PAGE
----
Plea

Black’s Law Dictionary technically defines a plea as “the answer which the defendant… makes to the plaintiff’s declaration.” More simply, Utah State Courts define it as “the defendant’s formal response to a criminal charge.”

Example Sentence

Dr. Mower plead not guilty to accidentally killing her patient.

Case Study

While driving, Reggie Shaw crossed the center line and hit another car. That car then got thrown into the path of a truck and the passengers died as a result. Phone records showed that Shaw sent several text messages right before the accident. The state of Utah charged him with two counts of negligent homicide because of his distracted driving. He entered a plea agreement with the state, i.e. he plead guilty in exchange for a lighter penalty. The family of the passengers could also file a lawsuit against Shaw to seek compensation for the loss of their loved ones. Penalties are now more severe for texting while driving.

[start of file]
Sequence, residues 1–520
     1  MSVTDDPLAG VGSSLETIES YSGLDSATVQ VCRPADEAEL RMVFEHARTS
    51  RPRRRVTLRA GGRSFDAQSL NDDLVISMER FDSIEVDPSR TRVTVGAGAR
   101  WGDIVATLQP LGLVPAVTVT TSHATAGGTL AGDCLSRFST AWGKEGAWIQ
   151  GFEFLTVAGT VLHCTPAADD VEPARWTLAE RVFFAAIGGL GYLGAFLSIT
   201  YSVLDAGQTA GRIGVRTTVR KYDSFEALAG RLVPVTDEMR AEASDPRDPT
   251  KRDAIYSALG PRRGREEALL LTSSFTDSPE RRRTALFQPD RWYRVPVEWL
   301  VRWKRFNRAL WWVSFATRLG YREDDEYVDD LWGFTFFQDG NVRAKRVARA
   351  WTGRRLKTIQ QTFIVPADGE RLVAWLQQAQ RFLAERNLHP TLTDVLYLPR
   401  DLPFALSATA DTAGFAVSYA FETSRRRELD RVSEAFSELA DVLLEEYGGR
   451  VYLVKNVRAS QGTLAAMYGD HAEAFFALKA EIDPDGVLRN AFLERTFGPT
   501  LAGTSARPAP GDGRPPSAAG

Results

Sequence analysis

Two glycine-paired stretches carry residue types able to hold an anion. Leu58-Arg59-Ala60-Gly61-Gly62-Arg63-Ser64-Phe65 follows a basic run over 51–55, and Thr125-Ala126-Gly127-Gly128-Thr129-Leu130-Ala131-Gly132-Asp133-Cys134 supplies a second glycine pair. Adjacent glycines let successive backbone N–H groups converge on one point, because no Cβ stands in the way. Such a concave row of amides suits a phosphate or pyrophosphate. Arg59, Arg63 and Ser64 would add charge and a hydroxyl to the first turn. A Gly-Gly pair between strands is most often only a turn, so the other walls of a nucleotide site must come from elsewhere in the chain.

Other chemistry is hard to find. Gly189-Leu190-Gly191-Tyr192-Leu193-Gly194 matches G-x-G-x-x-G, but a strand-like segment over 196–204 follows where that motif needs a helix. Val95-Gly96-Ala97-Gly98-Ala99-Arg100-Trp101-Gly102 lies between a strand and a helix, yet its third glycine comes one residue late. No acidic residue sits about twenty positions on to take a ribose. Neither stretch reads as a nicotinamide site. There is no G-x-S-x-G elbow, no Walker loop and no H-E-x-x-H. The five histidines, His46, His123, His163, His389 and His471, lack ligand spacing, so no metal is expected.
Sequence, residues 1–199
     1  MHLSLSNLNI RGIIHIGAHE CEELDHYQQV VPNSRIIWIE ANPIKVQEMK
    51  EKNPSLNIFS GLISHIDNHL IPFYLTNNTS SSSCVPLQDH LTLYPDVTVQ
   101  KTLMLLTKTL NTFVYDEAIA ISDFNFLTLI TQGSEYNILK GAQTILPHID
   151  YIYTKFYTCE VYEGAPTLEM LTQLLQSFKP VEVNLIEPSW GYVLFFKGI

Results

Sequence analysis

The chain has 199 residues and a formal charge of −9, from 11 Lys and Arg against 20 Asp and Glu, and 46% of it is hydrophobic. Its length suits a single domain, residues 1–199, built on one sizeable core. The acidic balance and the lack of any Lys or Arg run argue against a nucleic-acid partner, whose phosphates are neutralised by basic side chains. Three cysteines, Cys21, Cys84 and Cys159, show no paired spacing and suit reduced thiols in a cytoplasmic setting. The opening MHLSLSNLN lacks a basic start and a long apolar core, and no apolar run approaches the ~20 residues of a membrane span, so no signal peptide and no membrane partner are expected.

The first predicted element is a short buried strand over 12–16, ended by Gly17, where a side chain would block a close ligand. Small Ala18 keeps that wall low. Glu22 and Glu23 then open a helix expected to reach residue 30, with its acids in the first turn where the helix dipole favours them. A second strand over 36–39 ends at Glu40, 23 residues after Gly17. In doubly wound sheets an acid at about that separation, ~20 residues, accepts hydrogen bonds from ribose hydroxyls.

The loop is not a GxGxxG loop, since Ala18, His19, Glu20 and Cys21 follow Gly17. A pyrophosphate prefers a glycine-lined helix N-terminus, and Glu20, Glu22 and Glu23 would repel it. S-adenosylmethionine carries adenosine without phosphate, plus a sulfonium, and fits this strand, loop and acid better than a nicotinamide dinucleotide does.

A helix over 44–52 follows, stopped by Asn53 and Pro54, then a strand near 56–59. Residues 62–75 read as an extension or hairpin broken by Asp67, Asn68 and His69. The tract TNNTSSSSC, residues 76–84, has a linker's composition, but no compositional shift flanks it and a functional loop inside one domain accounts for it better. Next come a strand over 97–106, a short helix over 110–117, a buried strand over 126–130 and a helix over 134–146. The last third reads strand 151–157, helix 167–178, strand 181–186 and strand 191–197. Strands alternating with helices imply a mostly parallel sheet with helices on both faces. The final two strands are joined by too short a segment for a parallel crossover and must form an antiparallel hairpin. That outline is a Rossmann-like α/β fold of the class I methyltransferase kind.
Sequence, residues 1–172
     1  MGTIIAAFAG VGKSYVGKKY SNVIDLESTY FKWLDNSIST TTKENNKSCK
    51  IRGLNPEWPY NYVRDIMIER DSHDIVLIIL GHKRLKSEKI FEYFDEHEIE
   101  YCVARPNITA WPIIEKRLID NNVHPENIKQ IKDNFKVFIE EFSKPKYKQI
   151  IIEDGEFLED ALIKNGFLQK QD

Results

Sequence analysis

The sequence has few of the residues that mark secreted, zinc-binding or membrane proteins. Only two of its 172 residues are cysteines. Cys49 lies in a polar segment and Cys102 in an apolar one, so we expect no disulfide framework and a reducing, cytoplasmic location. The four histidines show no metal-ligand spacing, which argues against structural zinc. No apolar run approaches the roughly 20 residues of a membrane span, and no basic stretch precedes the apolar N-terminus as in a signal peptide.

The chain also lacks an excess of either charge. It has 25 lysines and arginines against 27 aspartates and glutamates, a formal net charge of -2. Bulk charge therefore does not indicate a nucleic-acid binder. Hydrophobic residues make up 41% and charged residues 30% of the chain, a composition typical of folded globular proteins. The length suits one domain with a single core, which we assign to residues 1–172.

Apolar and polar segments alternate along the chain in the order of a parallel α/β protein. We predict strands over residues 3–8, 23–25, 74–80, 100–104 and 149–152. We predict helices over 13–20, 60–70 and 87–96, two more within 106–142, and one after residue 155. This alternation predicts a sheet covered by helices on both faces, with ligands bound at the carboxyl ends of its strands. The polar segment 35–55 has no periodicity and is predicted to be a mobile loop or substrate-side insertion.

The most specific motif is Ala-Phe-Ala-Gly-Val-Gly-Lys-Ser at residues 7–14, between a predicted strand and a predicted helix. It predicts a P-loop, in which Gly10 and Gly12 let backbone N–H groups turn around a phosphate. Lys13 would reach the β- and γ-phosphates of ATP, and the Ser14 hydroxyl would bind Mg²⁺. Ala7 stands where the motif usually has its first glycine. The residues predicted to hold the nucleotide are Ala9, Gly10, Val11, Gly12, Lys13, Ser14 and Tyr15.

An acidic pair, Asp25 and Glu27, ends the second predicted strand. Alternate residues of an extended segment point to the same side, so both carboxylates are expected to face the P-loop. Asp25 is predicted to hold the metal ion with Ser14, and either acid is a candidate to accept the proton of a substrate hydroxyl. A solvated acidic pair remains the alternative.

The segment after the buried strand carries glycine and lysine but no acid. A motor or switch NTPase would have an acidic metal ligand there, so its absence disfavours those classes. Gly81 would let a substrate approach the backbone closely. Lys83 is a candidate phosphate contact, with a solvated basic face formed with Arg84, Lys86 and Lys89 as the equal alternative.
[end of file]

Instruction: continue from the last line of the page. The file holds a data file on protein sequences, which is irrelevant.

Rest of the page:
Important Information

Utah allows defendants to plead any of the following:

If the person refuses to plead anything, then the courts assume a not guilty plea. The accused person makes his plea at what’s called an arraignment. A person can also withdraw his plea of not guilty or no contest any time before conviction. The defendant can also work with the government agency charging him to reduce the punishment in exchange for pleading guilty, known as a plea bargain. This avoids a trial by jury and results in an immediate punishment. Typically, the defendant’s attorney helps him decide whether to accept this. Some worry about these attorneys not really helping their client. However, this process works different for civil cases. Instead of plea bargains, parties use settlements. Even if the defendant admits guilt, the plaintiff could still have him tried by a jury.

Photo courtesy of LisaRedfern and Pixabay. The image is free for commercial use.

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